When the Bears made Riley Ridley their fourth-round selection in last weekend’s draft, my first reaction was confusion.
Not that Ridley wasn’t a good player, far from it, I was just surprised they drafted a wide receiver with their second pick, especially considering their limited draft capital.
Ryan Pace went for best player available instead of reaching for a need which is why he is a general manager and I am writing this from my couch.
Ridley was a consensus Day 2 pick. I saw one expert have him as high as his number 53 ranked prospect. The lowest I saw him was around number 75. To get him at pick number 126 shows the type of value they received with this selection.
Ridley is the younger brother of the Falcons’ 2018 first-round pick (26th overall) Calvin Ridley. He was a top player in the 2016 recruiting class but chose not to attend Alabama with his brother to make it on his own. He originally committed to South Carolina before switching his commitment to Georgia.
Ridley had some pedestrian numbers his freshman and sophomore season before breaking out in the 2017 title game against Alabama where he had a then career-high six receptions for 82 yards.
He was more involved in 2018 after the departure of the Bears’ 2018 seventh-round pick Javon Wims. Assuming a larger role, Ridley lead the Bulldogs in receptions (43), receiving yards (559) and receiving touchdowns (9).
He flew under the radar in the pre-draft process due to a poor combine. I don’t care if he isn’t the most athletically gifted receiver.
He can ball.
How Ridley Wins
Receivers who aren’t freak athletes need to be excellent route runners, and that is exactly what Ridely is.
While not fast, he flashes a lot of initial explosion out of his stance and in and out of cuts. He has the size and strength to beat press man coverage although it is his footwork that really shines.
Ridley is able to mark sharp, quick cuts and sells his fakes not only with his feet but with his entire body. He is a killer on double moves like this one here:
His balance and body control allow him to run ultra-precise routes, routinely making the defender covering him look foolish. The play below is another example of this.
He doesn’t have the speed to simply run past defenders. But that doesn’t mean he can’t win deep. Instead, he needs to rely on his deception and ability to vary his step cadence and play speed in order to beat his man over the top.
Ridley does a good job of making sure all of his routes initially look the same making it hard for defenders to key in on certain tendencies which can tip them to the route he’s running.
In the play above he also flashes the ability to high point the football and displays strong hands to finish the catch through contact.
Ridley isn’t going to be a guy who creates a ton of separation due to his lack of athleticism. He will need to continue to show the ability to make tough, contested catches. Luckily, this is something he did early and often in college.
He only had a 30.5-inch vertical leap at the combine so he must rely on his 6-foot-1 (add another ¼ inch if you want to get technical) frame, long arms (nearly 33 inches), and his ability to perfectly time his jumps in order to attack the ball at its highest point.
When Ridley does this, he also displays incredible concentration and body control to not only catch 50-50 balls but also come down in bounds.
As he told Pace before the draft,
I’m not a 50-50 guy. I win all of them.” – Riley Ridley
Bears undrafted free agent Emanuel Hall had a 43.5-inch vertical leap, more than a foot higher than Ridley. But if you asked me who I would rather have in a jump ball situation with the game on the line, I would choose Ridley … every time.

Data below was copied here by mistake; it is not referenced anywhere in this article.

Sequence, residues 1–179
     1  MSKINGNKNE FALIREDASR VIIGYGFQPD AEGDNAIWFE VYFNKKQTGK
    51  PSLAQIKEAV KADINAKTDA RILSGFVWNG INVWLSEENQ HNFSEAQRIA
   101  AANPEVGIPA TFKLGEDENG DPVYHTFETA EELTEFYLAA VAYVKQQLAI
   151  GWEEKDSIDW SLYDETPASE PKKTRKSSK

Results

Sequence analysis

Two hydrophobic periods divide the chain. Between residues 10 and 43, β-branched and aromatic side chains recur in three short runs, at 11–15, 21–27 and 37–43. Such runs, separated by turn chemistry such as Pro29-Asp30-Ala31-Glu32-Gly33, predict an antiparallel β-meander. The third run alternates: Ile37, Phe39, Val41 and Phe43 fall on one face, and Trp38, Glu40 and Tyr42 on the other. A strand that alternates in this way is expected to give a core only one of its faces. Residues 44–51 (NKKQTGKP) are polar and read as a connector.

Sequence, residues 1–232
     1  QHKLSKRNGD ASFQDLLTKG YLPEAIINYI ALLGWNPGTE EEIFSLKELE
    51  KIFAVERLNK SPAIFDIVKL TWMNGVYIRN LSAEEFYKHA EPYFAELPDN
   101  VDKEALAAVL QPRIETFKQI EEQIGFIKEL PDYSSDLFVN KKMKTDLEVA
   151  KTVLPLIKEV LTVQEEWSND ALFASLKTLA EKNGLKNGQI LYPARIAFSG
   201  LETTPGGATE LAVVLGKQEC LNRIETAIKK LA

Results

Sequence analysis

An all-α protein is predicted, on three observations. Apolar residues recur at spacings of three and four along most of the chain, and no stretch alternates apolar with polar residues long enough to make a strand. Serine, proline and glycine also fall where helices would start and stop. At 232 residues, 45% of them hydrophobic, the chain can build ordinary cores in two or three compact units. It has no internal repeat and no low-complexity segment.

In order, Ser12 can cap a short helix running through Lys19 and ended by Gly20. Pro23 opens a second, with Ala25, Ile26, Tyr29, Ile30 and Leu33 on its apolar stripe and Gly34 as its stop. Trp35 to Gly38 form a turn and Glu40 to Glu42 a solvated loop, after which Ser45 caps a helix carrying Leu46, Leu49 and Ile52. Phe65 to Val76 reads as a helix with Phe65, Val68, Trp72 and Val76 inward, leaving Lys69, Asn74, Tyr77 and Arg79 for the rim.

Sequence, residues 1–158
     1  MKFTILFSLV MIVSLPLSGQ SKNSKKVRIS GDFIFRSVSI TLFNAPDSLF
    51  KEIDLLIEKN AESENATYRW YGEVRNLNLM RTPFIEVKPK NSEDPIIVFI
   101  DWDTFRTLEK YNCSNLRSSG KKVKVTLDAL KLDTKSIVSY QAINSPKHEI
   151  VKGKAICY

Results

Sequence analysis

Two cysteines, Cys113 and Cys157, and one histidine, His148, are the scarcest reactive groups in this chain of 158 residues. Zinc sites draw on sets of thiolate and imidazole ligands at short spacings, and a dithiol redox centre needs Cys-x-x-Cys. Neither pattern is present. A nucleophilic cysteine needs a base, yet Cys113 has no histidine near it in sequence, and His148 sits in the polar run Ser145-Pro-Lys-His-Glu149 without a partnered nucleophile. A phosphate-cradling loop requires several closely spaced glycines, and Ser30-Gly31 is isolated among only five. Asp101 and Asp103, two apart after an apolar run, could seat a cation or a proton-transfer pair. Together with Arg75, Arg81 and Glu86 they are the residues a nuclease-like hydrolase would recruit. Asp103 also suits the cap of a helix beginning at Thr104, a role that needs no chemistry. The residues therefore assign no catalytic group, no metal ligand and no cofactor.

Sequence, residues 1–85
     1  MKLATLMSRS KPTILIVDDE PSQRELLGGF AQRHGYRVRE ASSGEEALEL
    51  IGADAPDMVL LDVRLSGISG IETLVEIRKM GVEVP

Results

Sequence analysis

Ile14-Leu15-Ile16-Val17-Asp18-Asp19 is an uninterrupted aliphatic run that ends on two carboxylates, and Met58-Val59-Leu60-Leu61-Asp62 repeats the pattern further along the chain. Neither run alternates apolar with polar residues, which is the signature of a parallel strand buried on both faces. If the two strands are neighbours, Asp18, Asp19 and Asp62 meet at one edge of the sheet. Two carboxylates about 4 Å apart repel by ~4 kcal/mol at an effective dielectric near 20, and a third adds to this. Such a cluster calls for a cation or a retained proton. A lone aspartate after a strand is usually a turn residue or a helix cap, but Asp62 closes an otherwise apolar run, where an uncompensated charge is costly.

Why Ridley Fell to Round 4
So you’re probably asking yourself, if everyone was so high on Ridley, why did he fall all the way to the fourth round?
The biggest reason was his aforementioned lack of athleticism which probably limits his upside to a high-end No. 2 receiver. He’s never going to be a go-to guy; however, in the Bears offense where spreading the ball around is key he can be a perfect fit.
Teams were also probably scared off by his lack of production. Before this past season, his career high in receptions was 14. Ridley also never eclipsed 600 receiving yards in his three years in Athens.
The last college player to be drafted top-50 who never had 600 receiving yards in a season was former Bear Eddie Royal all the way back in 2008.
The explanation for his lack of production is fairly simple. Georgia is a run-first team who loves to spread the ball around. In 2018, Georgia ran the football 547 times to only 356 passes. The year before they were even more lopsided with 650 rushes to 303 passes. The Bulldogs also had six players with at least 23 receptions in 2018.
How Ridley Fits With the Bears
The Bears receiving room is stacked.
Last season they kept six wide receivers on their initial 53-man roster. Allen Robinson, Taylor Gabriel, Anthony Miller and Cordarrelle Patterson are locks in 2019, which leaves two spots for Ridley, fellow Georgia Bulldog Javon Wims, and the Hall brothers: Marvin and Emanuel.
Given his pedigree as a fourth-round pick, I would guess Ridley is a virtual lock as well, barring injury. He should see more playing time than Patterson, who will play mostly on special teams, so he will settle into the fourth receiver role and the primary backup to Allen Robinson on the outside.
While he didn’t do it much in college, it will be interesting to see Ridley line up as the Bears Z or ‘Zebra’ receiver from time to time. He’s bigger than your typical slot receiver but with more space to work with, I think his advanced route running can really shine.
It would be wise to get him as much experience as possible at multiple different receiver positions in order to give him the best chance to make an impact in 2019.